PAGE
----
[Coral-List] Petition - Let the Chagos Islanders return home
RichardPDunne at aol.com
Thu Sep 30 16:55:58 EDT 2010
Dear Listers and Ted
I thank Ted for drawing everyone's attention to his website and his
personal account of the Chagossians. I cannot verify its accuracy, as
indeed I did not verify the accuracy of what Kieran Roberts, the author
of this petition has said.
The words of the petition (which is NOT of Mr Bancoult's making as he
asserts) to which I drew peoples' attention contains no
misrepresentations, it simply asks that the Orders forbidding the
Chagossians any right of abode be revoked, and that provision be made
for them in the proposed MPA.
There are some excellent accounts of the whole affair, not least of
which is one written by an American, David Vine (Assistant Professor of
Anthropology at the American University, Washington) entitled "Island of
Shame" (Princeton University Press 2009).
I would wish however to correct Ted's constant assertion that I support
just one Chagossian faction. I do not. I support the rights of all the
Chagossians who wish to be granted the right to return, even if they do
not choose to exercise it. That includes for example the Diego Garcians
and Mr Allen Vincatassin, who now lives in the UK and leads the Diego
Garcian Society. Mr Vincatassin position (as he has told many of us) is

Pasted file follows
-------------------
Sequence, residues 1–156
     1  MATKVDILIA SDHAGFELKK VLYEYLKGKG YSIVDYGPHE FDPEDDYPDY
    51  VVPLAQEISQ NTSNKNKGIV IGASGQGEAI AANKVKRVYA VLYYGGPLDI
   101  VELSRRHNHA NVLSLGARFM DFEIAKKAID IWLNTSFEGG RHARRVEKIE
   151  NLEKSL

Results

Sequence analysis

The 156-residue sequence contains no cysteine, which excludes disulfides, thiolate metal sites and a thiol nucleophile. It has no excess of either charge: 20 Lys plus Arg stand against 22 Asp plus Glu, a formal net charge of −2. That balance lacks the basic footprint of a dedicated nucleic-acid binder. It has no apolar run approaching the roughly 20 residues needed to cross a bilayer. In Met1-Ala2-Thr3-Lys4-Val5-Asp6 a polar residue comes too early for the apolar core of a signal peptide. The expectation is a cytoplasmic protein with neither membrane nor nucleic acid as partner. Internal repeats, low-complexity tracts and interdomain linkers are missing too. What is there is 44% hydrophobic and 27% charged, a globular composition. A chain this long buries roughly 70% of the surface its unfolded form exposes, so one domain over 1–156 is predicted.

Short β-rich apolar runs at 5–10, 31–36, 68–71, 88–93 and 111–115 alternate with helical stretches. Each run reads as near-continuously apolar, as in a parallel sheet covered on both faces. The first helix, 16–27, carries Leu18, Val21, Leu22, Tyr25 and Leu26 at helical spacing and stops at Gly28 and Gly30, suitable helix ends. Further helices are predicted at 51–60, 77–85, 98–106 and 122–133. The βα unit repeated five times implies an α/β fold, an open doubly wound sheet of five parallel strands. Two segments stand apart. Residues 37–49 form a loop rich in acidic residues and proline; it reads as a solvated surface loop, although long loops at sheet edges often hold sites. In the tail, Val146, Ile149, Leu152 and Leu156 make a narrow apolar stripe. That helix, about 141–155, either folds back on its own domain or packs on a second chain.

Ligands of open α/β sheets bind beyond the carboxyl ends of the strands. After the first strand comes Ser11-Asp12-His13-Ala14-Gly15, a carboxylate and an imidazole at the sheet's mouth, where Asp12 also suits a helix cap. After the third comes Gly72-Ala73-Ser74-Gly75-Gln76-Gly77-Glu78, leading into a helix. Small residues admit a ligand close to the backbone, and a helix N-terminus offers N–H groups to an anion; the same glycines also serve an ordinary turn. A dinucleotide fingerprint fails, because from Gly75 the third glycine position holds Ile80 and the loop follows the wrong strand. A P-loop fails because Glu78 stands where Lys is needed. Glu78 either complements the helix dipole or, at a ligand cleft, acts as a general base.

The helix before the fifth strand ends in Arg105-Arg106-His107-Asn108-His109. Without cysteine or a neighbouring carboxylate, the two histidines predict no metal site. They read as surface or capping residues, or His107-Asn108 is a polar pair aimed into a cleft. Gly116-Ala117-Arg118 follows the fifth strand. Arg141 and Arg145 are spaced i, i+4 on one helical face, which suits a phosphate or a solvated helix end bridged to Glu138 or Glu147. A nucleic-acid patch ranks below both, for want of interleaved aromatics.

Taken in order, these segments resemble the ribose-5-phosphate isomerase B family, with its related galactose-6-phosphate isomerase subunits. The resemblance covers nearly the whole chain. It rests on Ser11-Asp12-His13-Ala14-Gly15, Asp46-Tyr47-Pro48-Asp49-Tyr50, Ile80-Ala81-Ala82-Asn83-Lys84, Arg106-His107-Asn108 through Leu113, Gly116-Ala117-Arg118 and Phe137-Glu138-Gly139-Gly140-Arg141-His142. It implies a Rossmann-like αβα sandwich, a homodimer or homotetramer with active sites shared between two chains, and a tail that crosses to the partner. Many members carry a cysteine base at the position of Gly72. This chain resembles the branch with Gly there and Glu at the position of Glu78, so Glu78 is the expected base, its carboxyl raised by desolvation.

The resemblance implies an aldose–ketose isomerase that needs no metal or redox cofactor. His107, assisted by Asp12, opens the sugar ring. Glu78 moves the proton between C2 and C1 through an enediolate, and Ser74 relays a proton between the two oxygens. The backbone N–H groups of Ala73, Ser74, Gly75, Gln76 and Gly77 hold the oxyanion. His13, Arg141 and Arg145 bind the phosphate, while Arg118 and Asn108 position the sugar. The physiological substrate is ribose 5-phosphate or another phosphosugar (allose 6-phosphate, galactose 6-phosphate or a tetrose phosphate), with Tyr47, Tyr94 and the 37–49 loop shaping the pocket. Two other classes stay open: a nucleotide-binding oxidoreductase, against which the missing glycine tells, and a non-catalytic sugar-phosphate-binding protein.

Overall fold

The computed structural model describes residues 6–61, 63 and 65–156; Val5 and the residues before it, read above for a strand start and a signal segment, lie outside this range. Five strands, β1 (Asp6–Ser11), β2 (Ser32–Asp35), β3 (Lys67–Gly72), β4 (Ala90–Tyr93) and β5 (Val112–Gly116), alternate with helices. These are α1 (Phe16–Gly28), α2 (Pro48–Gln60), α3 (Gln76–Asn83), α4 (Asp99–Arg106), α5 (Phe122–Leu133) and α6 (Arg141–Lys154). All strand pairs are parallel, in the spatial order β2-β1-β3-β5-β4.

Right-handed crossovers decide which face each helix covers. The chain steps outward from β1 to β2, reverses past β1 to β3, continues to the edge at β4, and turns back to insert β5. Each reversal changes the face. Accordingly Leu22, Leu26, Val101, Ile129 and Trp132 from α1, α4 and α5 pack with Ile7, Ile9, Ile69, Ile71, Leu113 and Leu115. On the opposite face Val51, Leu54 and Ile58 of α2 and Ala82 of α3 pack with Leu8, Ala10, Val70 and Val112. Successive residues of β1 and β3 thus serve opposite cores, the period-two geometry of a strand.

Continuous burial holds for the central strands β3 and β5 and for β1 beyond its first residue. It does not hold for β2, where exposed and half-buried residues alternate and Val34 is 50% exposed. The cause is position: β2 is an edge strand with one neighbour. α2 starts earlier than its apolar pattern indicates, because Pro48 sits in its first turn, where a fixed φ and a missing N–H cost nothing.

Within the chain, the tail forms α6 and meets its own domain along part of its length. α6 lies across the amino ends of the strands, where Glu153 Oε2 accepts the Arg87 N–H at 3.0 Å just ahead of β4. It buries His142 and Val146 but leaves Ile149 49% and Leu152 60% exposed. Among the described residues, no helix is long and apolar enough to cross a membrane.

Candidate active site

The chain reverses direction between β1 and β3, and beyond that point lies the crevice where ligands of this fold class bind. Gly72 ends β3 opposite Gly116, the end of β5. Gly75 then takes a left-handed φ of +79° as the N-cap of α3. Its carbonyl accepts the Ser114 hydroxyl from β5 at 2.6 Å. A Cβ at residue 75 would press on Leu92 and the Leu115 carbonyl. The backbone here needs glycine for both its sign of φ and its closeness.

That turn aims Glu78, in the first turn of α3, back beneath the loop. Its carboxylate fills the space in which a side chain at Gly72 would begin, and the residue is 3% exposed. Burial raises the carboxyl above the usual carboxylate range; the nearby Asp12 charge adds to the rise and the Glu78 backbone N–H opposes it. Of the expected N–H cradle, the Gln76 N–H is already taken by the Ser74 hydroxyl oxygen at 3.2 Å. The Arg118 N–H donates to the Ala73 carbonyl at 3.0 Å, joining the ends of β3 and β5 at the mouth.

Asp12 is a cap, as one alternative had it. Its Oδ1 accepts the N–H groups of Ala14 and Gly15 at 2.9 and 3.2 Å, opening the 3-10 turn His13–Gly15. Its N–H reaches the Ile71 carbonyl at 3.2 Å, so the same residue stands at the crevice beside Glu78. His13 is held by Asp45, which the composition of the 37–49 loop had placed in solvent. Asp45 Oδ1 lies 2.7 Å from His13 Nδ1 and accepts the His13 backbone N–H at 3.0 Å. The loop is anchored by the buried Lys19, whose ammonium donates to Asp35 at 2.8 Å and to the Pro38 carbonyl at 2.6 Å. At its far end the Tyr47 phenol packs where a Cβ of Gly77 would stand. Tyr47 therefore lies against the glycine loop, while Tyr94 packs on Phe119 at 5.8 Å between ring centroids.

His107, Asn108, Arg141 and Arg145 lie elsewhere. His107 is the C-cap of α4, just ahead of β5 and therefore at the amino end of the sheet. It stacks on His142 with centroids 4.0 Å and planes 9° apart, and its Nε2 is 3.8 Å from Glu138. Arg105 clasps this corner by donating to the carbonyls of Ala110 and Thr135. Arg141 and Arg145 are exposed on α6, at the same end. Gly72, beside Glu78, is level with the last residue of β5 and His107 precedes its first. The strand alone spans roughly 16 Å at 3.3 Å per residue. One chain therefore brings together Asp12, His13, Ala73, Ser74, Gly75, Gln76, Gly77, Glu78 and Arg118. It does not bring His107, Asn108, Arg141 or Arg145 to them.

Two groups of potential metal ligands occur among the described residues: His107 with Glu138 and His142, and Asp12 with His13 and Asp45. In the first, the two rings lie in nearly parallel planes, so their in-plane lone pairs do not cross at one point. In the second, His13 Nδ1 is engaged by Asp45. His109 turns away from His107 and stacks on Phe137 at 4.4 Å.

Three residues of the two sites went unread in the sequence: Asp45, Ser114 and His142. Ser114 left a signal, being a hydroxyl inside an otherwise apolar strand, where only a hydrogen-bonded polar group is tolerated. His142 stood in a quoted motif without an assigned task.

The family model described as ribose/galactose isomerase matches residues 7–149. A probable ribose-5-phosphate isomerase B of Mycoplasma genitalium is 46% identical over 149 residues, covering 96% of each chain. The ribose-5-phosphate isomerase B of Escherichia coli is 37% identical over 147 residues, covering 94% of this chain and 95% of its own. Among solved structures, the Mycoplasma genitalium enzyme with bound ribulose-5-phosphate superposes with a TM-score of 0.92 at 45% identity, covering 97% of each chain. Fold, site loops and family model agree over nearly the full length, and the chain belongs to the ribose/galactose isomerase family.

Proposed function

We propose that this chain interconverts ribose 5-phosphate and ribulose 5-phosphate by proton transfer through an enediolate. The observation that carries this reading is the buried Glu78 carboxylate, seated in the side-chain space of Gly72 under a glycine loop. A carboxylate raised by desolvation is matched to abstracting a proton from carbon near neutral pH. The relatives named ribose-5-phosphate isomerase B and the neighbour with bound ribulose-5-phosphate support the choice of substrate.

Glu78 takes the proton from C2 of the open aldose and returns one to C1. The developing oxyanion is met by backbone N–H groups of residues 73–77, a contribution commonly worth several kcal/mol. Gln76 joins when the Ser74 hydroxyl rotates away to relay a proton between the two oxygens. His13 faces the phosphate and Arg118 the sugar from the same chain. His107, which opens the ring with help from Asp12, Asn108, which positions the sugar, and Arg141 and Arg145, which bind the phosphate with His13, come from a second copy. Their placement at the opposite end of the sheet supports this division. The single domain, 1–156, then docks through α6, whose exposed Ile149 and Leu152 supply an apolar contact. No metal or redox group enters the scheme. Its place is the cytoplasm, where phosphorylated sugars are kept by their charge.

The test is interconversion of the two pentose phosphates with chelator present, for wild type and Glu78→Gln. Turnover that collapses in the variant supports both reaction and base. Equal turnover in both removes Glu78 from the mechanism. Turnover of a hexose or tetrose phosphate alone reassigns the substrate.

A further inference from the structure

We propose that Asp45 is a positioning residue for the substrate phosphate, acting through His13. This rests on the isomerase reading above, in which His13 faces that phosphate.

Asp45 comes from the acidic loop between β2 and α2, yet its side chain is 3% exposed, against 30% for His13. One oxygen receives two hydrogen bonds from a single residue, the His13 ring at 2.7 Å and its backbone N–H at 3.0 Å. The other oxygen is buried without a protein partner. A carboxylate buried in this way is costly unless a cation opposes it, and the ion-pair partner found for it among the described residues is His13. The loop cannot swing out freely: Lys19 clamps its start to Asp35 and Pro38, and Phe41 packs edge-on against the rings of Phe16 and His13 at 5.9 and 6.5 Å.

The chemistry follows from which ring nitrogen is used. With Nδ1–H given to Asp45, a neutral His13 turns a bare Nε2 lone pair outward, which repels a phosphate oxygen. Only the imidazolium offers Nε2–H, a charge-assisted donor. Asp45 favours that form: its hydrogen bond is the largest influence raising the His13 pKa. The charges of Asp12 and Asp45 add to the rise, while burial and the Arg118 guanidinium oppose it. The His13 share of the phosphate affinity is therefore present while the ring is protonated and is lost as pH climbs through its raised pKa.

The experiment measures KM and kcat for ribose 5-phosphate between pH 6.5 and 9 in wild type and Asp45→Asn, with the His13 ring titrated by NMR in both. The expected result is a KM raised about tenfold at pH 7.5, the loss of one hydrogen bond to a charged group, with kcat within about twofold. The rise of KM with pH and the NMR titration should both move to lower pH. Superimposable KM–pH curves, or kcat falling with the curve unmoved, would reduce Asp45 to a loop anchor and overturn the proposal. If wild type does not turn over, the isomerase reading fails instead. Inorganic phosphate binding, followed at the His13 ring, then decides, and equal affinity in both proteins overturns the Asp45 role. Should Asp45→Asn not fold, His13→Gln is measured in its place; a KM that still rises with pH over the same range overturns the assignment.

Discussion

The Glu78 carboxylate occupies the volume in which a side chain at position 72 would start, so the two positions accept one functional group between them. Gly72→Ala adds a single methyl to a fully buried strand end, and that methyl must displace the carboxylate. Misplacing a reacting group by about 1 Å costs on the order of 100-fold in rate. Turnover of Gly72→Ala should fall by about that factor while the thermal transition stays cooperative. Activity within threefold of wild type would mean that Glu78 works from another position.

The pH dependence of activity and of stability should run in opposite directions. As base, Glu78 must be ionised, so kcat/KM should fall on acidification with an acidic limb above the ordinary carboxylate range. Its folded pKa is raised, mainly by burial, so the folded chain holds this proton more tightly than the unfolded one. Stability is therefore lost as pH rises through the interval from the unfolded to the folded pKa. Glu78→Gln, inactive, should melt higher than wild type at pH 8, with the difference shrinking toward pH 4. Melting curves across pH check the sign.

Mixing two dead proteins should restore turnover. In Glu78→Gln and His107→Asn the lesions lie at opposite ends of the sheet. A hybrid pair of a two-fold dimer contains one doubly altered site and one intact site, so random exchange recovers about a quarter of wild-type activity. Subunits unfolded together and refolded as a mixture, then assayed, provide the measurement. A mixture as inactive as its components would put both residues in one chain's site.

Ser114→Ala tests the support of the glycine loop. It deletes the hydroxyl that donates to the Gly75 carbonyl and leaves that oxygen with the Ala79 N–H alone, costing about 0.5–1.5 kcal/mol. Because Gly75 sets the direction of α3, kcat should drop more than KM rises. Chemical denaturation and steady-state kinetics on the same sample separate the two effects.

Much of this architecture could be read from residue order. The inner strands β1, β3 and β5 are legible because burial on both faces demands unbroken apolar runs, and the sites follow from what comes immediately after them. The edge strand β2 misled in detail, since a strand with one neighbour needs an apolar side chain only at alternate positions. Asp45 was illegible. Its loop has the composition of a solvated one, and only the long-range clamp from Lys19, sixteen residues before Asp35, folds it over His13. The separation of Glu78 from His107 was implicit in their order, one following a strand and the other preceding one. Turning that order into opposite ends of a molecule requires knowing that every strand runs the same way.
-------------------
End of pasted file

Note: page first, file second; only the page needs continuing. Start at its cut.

that for him and his fellow Diego Garcians, the right to return is an
individual decision, and those who wish to return would only wish to do
so when that becomes possible (ie Diego Garcia ceases to be an American
Base). Diego Garcians, understandably do not wish to live on the other
islands. Where Mr Vincatassin differs is that they would not wish to see
Mauritius gain sovereignty over the territory, which is a different issue.
The desire to be granted a right of abode in their own country therefore
appears to be widely held across the Chagossian communities, not solely
by a single 'faction'. What in truth is preventing the return of the
Diego Garcians (and the other Chagossians) is the fact that the US
occupy their island as a military base and do not want them there or on
any other island in the Chagos.
Neither is the concept of protecting the coral reefs of the Chagos, and
the right of abode mutually exclusive as Ted Morris opines.
Richard P Dunne
On 30/09/2010 20:10, Ted Morris wrote:
> Dear Coral List,
> The petition presented by Mr. Dunne is filled with inaccuracies to the point
> that it presents an entirely mythical account of the Chagossian experience